Pay Workers a Living Wage

800px-Marks_&_Spencer,_The_Mall_Athens

Target: Marks & Spencer CEO, Marc Bolland

Goal: Pay store workers enough to live on.

Major British food and retail company Marks and Spencer (M&S) has committed to providing a living wage for factory workers in India, Sri Lanka and Bangladesh, yet its workers in the United Kingdom and other countries are still not all paid a living wage. M&S’s Ethical Factory Model has led to significant pay rises in developing countries, proving how a business can be successful and ethical where workers’ salaries are concerned. Unfortunately, workers in the United Kingdom, and particularly in London where living costs are extremely high, are still not paid enough to make ends meet.

The Living Wage Foundation sets the living wage for 2015 at £9.40 ($14) in London and £8.25 ($12) in the rest of the country. These figures are calculated annually by the Greater London Authority and other expert researchers and focus on what households need in order to have a minimum acceptable standard of living.

There are currently 700 accredited London Living Wage employers across London who have provided over 30,000 London workers the benefits of a living wage since 2011. The Mayor of London, Boris Johnson, has said that “paying the London Living Wage is not only morally right, but makes good business sense too.”

Yet, Marks and Spencer lags behind, stating in 2014 that the definition of a living wage was “subject to discussion” as an excuse not to provide its staff with the means to a minimum acceptable standard of living. Considering that M&S is a major retailer, its commitment to paying its workers a living wage may encourage others to do the same. M&S claims that its “commitment to the welfare of [its] employees remains as strong as ever.” Sign this petition and urge the company to act on this commitment and pay its employees a living wage.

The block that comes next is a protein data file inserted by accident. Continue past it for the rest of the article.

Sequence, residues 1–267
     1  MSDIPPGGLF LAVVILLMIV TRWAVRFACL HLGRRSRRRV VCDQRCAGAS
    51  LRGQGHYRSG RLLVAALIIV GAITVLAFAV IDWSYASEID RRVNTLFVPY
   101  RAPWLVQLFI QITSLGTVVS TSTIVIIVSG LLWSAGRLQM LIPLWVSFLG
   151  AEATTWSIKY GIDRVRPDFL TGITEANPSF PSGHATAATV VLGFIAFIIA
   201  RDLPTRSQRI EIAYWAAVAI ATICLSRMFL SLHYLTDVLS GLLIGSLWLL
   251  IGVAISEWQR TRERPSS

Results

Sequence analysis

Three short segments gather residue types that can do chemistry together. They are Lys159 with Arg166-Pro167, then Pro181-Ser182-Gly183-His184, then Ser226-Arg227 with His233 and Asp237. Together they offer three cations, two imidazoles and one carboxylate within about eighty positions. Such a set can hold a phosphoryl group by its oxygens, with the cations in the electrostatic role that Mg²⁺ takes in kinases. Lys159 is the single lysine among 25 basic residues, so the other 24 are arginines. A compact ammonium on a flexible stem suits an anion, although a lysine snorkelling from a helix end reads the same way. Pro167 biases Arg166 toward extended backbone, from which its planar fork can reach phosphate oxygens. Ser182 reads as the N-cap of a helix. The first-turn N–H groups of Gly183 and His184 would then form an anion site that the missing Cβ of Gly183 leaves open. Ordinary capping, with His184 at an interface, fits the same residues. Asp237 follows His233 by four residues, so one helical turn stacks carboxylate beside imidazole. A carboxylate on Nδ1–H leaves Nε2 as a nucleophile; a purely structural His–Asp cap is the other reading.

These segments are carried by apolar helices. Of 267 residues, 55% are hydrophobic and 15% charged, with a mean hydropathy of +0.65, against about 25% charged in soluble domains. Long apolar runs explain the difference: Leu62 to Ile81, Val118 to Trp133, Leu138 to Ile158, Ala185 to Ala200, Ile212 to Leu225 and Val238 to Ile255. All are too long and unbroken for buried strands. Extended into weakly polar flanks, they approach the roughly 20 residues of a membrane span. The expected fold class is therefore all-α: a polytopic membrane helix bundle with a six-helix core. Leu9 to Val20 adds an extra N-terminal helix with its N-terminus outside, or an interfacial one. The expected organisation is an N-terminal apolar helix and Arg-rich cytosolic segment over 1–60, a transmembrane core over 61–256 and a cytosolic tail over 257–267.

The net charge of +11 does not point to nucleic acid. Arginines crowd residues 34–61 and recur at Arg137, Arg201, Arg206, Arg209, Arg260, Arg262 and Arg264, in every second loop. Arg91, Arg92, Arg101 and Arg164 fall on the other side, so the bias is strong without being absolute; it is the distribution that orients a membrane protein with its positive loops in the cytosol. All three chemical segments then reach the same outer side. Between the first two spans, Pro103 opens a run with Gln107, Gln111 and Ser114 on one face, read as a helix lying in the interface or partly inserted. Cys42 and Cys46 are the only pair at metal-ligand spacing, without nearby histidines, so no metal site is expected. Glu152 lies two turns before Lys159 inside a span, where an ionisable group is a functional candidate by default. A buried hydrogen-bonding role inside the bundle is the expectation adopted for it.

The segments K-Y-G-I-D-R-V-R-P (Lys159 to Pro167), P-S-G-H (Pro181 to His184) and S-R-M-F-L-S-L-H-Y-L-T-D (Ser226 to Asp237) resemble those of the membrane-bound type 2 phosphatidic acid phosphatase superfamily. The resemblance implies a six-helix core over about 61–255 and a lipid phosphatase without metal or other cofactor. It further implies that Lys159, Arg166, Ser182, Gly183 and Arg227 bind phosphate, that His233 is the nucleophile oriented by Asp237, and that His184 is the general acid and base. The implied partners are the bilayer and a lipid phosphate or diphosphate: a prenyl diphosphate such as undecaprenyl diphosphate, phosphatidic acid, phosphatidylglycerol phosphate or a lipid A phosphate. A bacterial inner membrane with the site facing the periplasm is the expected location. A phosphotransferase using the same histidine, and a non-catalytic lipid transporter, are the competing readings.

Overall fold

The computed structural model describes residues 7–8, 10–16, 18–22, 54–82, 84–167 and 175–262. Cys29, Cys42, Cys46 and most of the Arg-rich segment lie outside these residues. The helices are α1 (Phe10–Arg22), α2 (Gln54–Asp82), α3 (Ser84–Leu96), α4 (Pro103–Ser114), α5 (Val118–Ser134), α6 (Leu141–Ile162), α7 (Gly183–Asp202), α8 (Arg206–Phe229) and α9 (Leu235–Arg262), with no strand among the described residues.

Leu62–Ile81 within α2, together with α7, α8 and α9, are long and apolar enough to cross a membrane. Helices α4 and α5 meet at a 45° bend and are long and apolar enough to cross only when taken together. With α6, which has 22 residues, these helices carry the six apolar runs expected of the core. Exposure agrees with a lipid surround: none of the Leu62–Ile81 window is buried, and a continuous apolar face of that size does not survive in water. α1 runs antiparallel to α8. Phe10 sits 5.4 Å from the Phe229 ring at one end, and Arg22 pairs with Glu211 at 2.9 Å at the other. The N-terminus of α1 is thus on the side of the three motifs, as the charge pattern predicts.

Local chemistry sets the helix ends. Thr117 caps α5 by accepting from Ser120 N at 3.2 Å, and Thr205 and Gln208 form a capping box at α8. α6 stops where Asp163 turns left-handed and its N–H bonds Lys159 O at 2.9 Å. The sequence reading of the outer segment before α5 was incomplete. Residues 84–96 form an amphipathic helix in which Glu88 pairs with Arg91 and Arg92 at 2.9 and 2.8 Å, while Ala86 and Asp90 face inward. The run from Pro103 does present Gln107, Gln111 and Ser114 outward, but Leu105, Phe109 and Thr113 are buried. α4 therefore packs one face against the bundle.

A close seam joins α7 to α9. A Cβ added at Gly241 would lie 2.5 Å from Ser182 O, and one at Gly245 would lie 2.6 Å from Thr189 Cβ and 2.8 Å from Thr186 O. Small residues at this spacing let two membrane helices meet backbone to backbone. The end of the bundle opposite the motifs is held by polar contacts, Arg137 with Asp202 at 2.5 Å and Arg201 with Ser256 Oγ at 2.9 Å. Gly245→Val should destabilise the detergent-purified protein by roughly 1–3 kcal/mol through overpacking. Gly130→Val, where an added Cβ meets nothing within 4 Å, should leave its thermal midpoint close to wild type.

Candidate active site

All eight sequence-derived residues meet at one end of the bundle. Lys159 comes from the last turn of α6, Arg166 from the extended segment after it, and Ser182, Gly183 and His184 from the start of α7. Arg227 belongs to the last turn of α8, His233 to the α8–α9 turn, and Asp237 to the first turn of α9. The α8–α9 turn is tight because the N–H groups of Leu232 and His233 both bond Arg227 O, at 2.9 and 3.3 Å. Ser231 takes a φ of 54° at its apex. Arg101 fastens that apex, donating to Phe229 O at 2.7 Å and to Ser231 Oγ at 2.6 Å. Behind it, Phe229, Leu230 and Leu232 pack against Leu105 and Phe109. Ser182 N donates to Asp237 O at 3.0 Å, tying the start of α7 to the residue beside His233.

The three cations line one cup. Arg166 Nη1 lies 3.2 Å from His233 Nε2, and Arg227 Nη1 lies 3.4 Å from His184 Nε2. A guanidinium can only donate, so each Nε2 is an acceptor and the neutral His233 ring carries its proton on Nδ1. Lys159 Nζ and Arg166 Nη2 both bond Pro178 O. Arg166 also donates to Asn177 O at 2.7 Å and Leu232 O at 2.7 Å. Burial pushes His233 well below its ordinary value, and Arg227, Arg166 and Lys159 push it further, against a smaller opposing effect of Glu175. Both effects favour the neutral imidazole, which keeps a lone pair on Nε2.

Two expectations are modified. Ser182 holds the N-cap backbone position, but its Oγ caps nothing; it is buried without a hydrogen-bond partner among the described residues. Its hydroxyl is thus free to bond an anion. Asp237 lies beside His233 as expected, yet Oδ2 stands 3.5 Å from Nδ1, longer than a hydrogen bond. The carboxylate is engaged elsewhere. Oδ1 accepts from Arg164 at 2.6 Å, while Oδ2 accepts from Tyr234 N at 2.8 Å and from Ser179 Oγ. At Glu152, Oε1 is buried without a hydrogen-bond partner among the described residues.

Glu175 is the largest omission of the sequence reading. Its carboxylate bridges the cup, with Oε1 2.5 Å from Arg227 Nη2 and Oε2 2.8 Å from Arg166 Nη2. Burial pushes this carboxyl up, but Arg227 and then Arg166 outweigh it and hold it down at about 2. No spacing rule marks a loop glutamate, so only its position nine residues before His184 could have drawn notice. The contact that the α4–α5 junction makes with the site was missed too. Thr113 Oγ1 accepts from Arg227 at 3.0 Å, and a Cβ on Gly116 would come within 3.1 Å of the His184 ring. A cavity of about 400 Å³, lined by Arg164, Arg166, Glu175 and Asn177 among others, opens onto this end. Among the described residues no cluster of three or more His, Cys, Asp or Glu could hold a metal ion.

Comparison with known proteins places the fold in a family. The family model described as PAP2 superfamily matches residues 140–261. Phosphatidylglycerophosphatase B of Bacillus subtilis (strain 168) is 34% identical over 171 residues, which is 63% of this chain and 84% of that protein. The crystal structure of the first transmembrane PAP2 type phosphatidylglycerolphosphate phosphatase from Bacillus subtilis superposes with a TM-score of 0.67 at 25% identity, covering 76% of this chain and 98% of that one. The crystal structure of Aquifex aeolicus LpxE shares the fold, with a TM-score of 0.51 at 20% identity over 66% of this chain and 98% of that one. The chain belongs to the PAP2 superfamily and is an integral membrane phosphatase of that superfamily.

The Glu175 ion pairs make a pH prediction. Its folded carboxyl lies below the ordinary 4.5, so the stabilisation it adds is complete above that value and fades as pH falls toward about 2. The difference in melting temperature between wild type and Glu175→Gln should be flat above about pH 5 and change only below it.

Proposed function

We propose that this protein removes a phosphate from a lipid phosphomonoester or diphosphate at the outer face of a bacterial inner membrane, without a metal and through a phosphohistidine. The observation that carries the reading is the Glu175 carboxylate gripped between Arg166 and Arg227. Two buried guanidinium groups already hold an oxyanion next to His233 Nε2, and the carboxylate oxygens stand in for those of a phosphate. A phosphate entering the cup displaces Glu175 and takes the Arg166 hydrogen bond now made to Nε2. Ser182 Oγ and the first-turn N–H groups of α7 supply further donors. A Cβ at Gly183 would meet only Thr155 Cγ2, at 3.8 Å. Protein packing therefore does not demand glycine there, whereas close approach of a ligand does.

PETITION LETTER:

Dear Mr. Bolland,

Marks and Spencer prides itself on its strong “commitment to the welfare of [its] employees.” Your company recently committed providing a living wage for factory workers in India, Sri Lanka and Bangladesh. This is a great and laudable step. However, M&S workers in the U.K. and other countries deserve the same consideration. Your Ethical Factory Model has led to significant pay rises for workers in developing countries. This proves that a successful business can afford to be ethical where workers’ salaries are concerned.

Unfortunately, your workers in the United Kingdom, and particularly in London where living costs are extremely high, are still not paid enough to make ends meet. Last year, M&S stated that the definition of a living wage was “subject to discussion,” despite the current figures that were calculated by the Greater London Authority and expert researchers. Boris Johnson, the Mayor of London, has also said that “paying the London Living Wage is not only morally right, but makes good business sense too.”

I urge you to act on your commitment towards your workers and pay all your staff a living wage.

Sincerely,

[Your Name Here]

Photo credit: GianniM

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